Preventing coastal armoring unless it is justified by the Coastal Act and well mitigated.

In Solana Beach, there was an application to fill 90 feet of seacaves with supposedly “erodible” concrete as a way to protect two homes, which are not currently threatened from erosion (and thus not entitled to a seawall) in order to prevent a seawall in the future. After years of going round and round, the Coastal Commission finally denied the application, largely due to Surfrider’s advocacy. With the applicant unwilling to prove the material would erode before it was installed, the beach going public was at risk of ending up with a “defacto” seawall if the material does not perform as promised. Furthermore, as conditioned Surfrider saw this as potentially creating a loophole for bluff-top homeowners to secure a seawall when they would not otherwise be entitled, setting a very bad precedent. We were glad the Coastal Commission saw it our way in the end.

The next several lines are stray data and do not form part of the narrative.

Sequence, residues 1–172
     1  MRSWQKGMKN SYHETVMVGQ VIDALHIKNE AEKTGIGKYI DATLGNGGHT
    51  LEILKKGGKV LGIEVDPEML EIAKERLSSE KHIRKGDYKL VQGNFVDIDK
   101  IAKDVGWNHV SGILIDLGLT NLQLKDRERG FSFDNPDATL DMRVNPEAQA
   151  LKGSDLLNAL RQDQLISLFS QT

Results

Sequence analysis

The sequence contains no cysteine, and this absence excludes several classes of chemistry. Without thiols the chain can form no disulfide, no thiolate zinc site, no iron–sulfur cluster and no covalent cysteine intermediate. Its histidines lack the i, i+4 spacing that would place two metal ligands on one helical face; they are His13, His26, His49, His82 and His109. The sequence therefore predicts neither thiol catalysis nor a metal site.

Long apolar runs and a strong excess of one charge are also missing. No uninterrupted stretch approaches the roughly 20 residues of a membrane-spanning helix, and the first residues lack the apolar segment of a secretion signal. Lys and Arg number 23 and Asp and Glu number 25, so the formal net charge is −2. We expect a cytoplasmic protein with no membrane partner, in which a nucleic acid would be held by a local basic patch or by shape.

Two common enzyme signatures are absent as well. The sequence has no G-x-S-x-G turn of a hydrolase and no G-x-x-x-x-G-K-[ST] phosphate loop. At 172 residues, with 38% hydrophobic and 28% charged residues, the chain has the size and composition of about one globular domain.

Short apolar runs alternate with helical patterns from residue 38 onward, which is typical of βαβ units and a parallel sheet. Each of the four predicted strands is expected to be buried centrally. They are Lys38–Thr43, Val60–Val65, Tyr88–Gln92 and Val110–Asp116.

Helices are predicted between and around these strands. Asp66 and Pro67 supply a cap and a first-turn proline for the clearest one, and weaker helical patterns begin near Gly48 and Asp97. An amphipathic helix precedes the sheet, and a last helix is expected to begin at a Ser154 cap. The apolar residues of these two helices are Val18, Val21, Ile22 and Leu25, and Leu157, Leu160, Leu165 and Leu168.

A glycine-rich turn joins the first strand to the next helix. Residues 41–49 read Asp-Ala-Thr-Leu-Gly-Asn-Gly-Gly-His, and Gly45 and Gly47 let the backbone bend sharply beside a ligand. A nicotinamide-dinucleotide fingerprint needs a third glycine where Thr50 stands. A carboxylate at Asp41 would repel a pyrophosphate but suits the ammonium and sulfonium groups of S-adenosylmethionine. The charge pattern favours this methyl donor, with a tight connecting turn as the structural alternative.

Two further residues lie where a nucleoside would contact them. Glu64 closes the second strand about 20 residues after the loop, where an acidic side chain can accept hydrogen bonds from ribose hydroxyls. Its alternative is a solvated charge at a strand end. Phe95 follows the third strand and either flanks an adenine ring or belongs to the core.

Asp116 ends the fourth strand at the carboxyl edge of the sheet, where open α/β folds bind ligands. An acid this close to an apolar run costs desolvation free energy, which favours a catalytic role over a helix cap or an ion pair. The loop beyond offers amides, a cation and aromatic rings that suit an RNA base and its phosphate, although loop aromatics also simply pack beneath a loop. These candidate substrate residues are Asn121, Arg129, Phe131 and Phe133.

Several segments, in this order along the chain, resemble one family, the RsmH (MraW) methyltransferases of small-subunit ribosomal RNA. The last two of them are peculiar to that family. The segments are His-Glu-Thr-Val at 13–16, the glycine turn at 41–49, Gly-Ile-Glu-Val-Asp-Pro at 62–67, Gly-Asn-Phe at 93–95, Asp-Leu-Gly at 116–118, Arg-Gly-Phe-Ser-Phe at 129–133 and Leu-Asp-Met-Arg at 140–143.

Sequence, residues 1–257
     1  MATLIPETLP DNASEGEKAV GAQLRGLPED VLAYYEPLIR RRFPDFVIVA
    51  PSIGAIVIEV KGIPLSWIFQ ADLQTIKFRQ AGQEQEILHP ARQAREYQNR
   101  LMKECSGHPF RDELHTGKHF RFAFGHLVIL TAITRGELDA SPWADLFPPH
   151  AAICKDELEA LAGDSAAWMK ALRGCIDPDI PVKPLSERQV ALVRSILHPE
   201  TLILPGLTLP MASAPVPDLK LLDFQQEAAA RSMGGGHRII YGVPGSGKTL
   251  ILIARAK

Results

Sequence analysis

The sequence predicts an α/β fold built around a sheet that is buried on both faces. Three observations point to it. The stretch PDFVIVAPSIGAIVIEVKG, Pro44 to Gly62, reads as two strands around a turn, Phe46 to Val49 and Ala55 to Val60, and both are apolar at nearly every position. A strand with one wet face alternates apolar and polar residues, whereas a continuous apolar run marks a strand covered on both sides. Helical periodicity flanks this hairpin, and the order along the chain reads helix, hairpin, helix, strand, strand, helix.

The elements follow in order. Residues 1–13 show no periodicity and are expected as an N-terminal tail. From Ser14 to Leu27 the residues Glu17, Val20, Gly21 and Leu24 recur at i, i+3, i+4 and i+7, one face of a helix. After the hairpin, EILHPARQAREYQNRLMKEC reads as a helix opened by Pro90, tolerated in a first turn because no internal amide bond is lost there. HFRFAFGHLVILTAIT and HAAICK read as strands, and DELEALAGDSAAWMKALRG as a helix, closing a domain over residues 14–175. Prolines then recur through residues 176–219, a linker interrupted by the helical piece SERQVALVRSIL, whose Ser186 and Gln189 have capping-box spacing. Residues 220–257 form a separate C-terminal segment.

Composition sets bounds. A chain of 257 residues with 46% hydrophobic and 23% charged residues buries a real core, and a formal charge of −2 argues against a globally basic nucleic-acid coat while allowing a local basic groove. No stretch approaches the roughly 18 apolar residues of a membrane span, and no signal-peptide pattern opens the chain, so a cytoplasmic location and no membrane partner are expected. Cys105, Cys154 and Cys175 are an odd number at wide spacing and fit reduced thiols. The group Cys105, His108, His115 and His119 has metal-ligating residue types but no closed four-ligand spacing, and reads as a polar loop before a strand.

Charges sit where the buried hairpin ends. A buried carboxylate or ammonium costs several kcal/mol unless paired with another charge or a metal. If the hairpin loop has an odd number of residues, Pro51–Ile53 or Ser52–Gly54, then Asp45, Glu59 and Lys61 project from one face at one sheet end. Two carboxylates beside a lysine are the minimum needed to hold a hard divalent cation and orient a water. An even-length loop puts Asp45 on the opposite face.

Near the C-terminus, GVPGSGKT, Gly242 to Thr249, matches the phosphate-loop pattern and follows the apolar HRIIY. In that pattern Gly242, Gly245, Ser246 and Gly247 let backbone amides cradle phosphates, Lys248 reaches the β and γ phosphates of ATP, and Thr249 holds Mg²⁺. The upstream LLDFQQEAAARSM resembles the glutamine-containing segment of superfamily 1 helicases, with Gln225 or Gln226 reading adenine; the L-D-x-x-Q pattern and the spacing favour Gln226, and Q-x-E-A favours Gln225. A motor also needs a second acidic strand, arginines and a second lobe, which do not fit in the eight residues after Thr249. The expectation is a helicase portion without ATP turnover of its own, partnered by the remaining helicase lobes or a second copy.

Relevant Posts & Updates

Dude, Where’s My Beach?

We need you at the California Coastal Commission Meeting in Chula Vista on Wednesday, March 7th for a precedent setting decision on mitigation for seawalls.

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Seawalls and Oil Spills

It is interesting to examine the parallels that exist between the environmental nightmare of the Deepwater Horizon and the Seawalls Built in Solana Beach. The

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Our chapter maintains two volunteer-led committees dedicated to issues related to the preservation of our coast. You can learn more about them by clicking below, or start HERE to get some background on Surfrider’s Coastal Preservation Initiative